Apple Cheese Soup
- 1 cup grated apple
- ¼ cup chopped onion
- 4 tbsp. butter
- ¼ cup flour
- 2 ½ cups milk
- 2 cups shredded sharp cheddar cheese
- ¼ tsp. salt
- ½ tsp. nutmeg
- ½ bottle Woodchuck Hard Cider
In saucepan, cook apples and onions in butter until tender. Add flour and blend until smooth. Stir in milk and Woodchuck Hard Cider. Cook over medium heat, stirring occasionally until mixture thickens. Add cheese and seasonings. Stir as they melt. Garnish with a dash of nutmeg.
Watching the royal wedding at work, because, honestly, what is there better to do at 7 am on a Friday morning, and let me just say: THE HATS.
Moving in just over two weeks. Blerg.
Peter Hessler, “What Mortenson Got Wrong” [The New Yorker]
Hessler’s story of his Peace Corps experience, River Town: Two Years on the Yangtze, was one of my first and favorite travel narratives. He brings a similar thoughtfulness to his essay on Mortenson’s alleged misdoings.
Note: This is J’s favorite. I make it with a stick (eep!) of salted butter, and, lately, tragically flat homebrew cider substituted for the beer. Once I added nuts, too — when I asked Daddy whether I should go with walnuts or pecans, he answered, “Pecans. You’re a Southerner.”
My dad is — to put it lightly — an absolutely bad-ass baker. His specialty? Bread. For as long as I can remember, every Sunday he would spend hours crafting the dinner we’d share that night. Often he’d lay coal bricks in the grill or stuff potatoes with three types of dairy and bacon. But without fail, he would always make bread. Two loaves, and a different variety each week. One loaf would belong to us, the family, and the other was up for grabs. It could go to a neighbor or a friend who was over or as my sister Katt and I got older, boyfriends’ families.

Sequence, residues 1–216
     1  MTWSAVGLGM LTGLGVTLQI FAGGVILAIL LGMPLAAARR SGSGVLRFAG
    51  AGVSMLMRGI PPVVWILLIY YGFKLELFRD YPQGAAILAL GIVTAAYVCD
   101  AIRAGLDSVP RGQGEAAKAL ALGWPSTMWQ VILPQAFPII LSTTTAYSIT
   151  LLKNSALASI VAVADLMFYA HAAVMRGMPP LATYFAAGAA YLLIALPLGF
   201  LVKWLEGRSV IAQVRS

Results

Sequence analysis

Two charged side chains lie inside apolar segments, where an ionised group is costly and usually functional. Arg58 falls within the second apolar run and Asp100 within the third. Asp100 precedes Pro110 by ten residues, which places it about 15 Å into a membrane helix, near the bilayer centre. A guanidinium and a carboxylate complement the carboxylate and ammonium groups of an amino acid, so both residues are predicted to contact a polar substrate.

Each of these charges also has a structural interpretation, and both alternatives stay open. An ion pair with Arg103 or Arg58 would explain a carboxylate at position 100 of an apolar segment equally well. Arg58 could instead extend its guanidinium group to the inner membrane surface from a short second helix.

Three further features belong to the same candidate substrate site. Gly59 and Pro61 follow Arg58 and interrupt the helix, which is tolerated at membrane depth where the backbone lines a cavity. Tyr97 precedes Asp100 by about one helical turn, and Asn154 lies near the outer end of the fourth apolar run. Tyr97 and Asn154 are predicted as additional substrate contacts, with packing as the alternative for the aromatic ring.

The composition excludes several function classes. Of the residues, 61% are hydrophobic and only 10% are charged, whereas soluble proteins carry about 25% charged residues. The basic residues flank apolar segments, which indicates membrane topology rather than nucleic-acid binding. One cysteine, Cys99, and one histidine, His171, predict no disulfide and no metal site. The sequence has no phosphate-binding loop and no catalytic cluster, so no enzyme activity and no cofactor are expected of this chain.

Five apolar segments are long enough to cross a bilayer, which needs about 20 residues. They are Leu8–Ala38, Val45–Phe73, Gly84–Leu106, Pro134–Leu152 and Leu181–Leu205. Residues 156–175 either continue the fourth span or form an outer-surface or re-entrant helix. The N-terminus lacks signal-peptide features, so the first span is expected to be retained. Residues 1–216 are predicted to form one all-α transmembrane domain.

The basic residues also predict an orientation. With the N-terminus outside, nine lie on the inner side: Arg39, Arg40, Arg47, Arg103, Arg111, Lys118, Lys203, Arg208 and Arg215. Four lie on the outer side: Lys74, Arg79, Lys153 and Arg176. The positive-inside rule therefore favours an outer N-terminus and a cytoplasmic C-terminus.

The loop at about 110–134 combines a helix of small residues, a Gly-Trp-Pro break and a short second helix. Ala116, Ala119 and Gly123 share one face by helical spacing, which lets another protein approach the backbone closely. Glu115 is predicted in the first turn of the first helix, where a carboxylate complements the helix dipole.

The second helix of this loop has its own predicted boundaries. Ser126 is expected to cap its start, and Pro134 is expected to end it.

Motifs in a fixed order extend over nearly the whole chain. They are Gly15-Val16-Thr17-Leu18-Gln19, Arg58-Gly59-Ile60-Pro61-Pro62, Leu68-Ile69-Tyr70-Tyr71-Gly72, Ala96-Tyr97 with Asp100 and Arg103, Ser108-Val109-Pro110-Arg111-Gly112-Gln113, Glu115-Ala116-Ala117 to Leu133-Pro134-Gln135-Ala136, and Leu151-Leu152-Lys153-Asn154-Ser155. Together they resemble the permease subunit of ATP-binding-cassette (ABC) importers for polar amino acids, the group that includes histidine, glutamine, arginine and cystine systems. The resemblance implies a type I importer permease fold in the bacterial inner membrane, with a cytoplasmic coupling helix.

Even though Poppy’s expert culinary instincts haven’t exactly been passed along to either of his spawn, he is always willing to help us out. In an effort to assist us in impressing our friends with a secretly fool-proof, few-ingredient recipe, he shared with us one formula I continue to manipulate most times I try it. One of the best parts is you are likely to already have all of these ingredients ready to become edible in your kitchen right now.
— “Why Are Christian Movies So Awful?” [via Salon]
Something J and I asked ourselves after the latest, awful-est Chronicles of Narnia film. I haven’t seen most of the stuff O’Hehir mentions, but then, I also wouldn’t classify myself as an Evangelical Christian, the subject of his column.
from my current 2011 forerunner in the competition for most embarrassing book to read at the reception desk, The Life You’ve Always Wanted by John Ortenberg
[Still, it’s really very good, and I’m grateful to the Baptists for making our growth group read it this Lent.]
“For New Mass, Closer to Latin, Critics Voice a Plain Objection” [NYTimes, via my awesome dad]
This is absolutely my issue with the liturgy we use at our Anglican church, too. Blerg.
Nailer is a teen living on the post-apocalyptic Gulf Coast, stripping oil ships in a bleak imagined future ravaged by climate change. Or that’s his life until a hurricane washes up the rich girl who could change everything.
Ship Breaker was a tough read, emotionally. I struggled to really figure out who the intended readership was. I’m a fan of darkly envisioned futures, but this one was too dark even for me. I guess what I like best about post-apocalyptic scenarios is not the despair but the hope. I’m Alas, Babylon, not On the Beach. I like the idea of the world starting over, people maybe doing things a little better this time. And Bacigalupi doesn’t show much mercy: for his characters, there doesn’t seem to be a way out.
But that was good, too, if difficult. Nailer and his friends live desperate lives scavenging the beach, working where they can, trying to escape abuse and exploitation, drugs and prostitution, hearing only rumors of a better world, a world of inconceivable security and luxury. And that’s really us, right? Nailer’s world is imagined, but it’s not that imagined; there are certainly teenagers elsewhere in our world who live existences Nailer could easily recognize. So even when Ship Breaker turned into a seafaring adventure story (ugh.), I stuck with it. I’m not sure what kind of teen I’d recommend Ship Breaker to, but it’s worth reading, to get caught up in the horror of Nailer’s world, and to see our own reflected.
So, I hesitated to bring up Grey’s Anatomy as my source of information about the stage 4 melanoma and IL2 treatment my (Vietnam War-era) coworker mentioned his brother had several years ago. But when I did, he exclaimed, “Oh! I remember that episode.”